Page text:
Introduction to Phenomenology

Phenomenology has been, and still remains one of the most significant philosophical movements of the 20th and 21st century. It attempts to take the body and experience seriously, and find the complex inter-relation of body to mind, consciousness and language. Husserl (1859-1938) is generally considered to be the founder of Phenomenology, he developed a theory of how humans understand the world through their intentionality, and sensual engagement with objects and their experiential bodies. Max Scheler discovers Husserl’s theory but takes it in a more ethical direction. Phenomenology for Scheler, is the “loving act of participation by the core of the human being in the essence of all things”. Scheler strove to save philosophy and thought from the reductive mindset of the positive sciences and to a degree, American pragmatism.

In the Phenomenology Merleau-Ponty develops a theory which argues against the understanding of any mental process, thinking, reflecting, imagining, or understanding which is not fundamentally dependent on the way in which the body learns to negotiate with its physical environment. For Heidegger “we ourselves are the entities to be analysed, his phenomenology of ‘lived experience’ is a corrective to the enlightenment idea of reason. The essential text will be his opus work: Being and Time. Phenomenology is a vibrant part of contemporary philosophy, the theory has had many applications in fields such as medicine, psychology, and the arts. We will consider a range of philosophers who are currently working in the field. One of the top researchers presently is Prof. Dan Zahavi of the University of Copenhagen.

This class will be delivered online via the online platform Zoom. Enrolling students need to ensure they have an email, a reliable internet connection, microphone/speakers and access to a tablet, smartphone or computer.

COURSE OUTLINE

  • What is Phenomenology? The philosophical background of Phenomenology will be discussed in this lecture. We will be concerned with the question of the relationship between thought and perception; the idea and its expression; reason and emotion.
  • Edmund Husserl - Phenomenological Reduction: Husserl (1859-1938) is generally considered to be the founder of Modern Phenomenology. We will discuss Husserl's theory of perception, time, intentionality, and the phenomenological reduction.
  • Max Scheler: Like many of the Lebensphilosophen (philosophers of life) who had influenced him, Scheler strove to save philosophy and thought from the reductive mindset of the positive sciences and to a degree, American pragmatism. For Scheler, practical knowledge and practical consciousness are genetically the first form of knowledge for the individual. Yet, human beings are not necessarily tied to practical affairs and have the ability to comprehend and regard the world in terms of its essence or being.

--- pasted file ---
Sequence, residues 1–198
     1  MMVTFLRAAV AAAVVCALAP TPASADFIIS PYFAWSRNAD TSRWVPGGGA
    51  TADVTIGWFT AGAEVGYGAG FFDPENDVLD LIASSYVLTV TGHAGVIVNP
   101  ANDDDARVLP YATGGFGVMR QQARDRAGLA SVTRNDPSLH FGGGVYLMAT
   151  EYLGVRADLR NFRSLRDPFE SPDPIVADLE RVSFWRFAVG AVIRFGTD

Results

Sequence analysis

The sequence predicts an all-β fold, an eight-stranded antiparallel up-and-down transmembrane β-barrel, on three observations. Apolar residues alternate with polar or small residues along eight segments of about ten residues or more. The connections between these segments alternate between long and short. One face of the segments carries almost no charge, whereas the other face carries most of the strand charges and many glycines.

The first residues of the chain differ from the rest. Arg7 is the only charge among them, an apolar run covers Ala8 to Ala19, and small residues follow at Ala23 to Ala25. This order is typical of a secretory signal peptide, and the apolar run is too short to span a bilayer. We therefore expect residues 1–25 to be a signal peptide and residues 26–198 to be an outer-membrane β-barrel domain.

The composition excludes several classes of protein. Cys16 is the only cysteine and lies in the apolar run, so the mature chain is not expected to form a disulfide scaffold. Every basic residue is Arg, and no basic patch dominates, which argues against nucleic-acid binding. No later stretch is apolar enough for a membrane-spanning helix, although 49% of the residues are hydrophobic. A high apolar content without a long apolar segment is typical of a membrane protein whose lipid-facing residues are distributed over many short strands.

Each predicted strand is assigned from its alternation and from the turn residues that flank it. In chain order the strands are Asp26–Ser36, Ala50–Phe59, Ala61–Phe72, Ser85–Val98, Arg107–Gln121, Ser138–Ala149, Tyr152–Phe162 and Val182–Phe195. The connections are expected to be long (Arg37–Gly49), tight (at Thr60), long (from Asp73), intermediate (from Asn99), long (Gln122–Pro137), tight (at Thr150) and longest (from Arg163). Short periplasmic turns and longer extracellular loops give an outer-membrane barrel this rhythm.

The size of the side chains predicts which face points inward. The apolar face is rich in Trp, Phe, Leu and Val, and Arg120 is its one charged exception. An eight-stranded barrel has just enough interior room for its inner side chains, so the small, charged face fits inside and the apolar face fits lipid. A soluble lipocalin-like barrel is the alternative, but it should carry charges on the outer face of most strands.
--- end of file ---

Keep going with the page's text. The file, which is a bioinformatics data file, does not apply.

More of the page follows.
• Martin Heidegge - Being-with-Others: Heidegger (1889-1976) took phenomenology in a new direction with his concepts of: Being-with-Others; Care and Authenticity; and his original concept of truth as Revealing and Concealing. We will consider aspects of his most important text Being and Time.
  • Martin Heidegger - Technology of the Body: Heidegger was one of the first theorists to think seriously about the human relationship to technology. He considers questions such as: Is our fundamental human nature changed by the kinds of technology we use?
  • Maurice Merleau-Ponty: This week we will discuss Merleau-Ponty’s (1907-1961) concept of the body as a synergic system. Merleau-Ponty understands the human body and mind as a synergic system in which all the senses play an integrated part.
  • Merleau-Ponty - The Visible and the Invisible: In his book The Visible and the Invisible, Merleau-Ponty develops a theory which attempts to understand how meanings become embedded in the ‘fabric of being’.
  • Contemporary Phenomenology: We now turn to the contemporary situation. Some of the best new work being done in Phenomenology is coming from the continent. Prof. Dan Zahavi of the University of Copenhagen is one of phenomenology's top researchers, his recently published Oxford Handbook of Contemporary Phenomenology, has been widely discussed. We will consider some of these new developments.
  • Practical Phenomenology: Phenomenology has many contemporary applications in medicine, psychology, anthropology, and many other areas. We will consider some of these applications.
  • Phenomenology and the Arts: By adopting the phenomenological attitude, we pay attention to how objects such as paintings, symphonies, films, waterfalls appear to us not as ‘useful’ but as ‘contemplative’. We will consider the difference this aesthetic intentionally makes to our consciousness of art objects.

PLANNED LEARNING OUTCOMES

By the end of this course, students should be able to:

  1. Have gained an overall understanding of the key concepts in Phenomenology.
  2. Have gained an insight into the ideas of Edmund Husserl Max Scheler Martin Heidegger Maurice Merleau-Ponty Prof. Dan Zahavi and more.
  3. Apply these ideas to practical domains such as medicine.
  4. Relate phenomenological ideas to our contemporary world and current issues.
  5. Apply these ideas to their personal lives and choices.
$270 Limited / $243

<p>Phenomenology has been, and still remains one of the most significant philosophical movements of the 20th and 21st century. It attempts to take the body and experience seriously, and find the

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27 Apr

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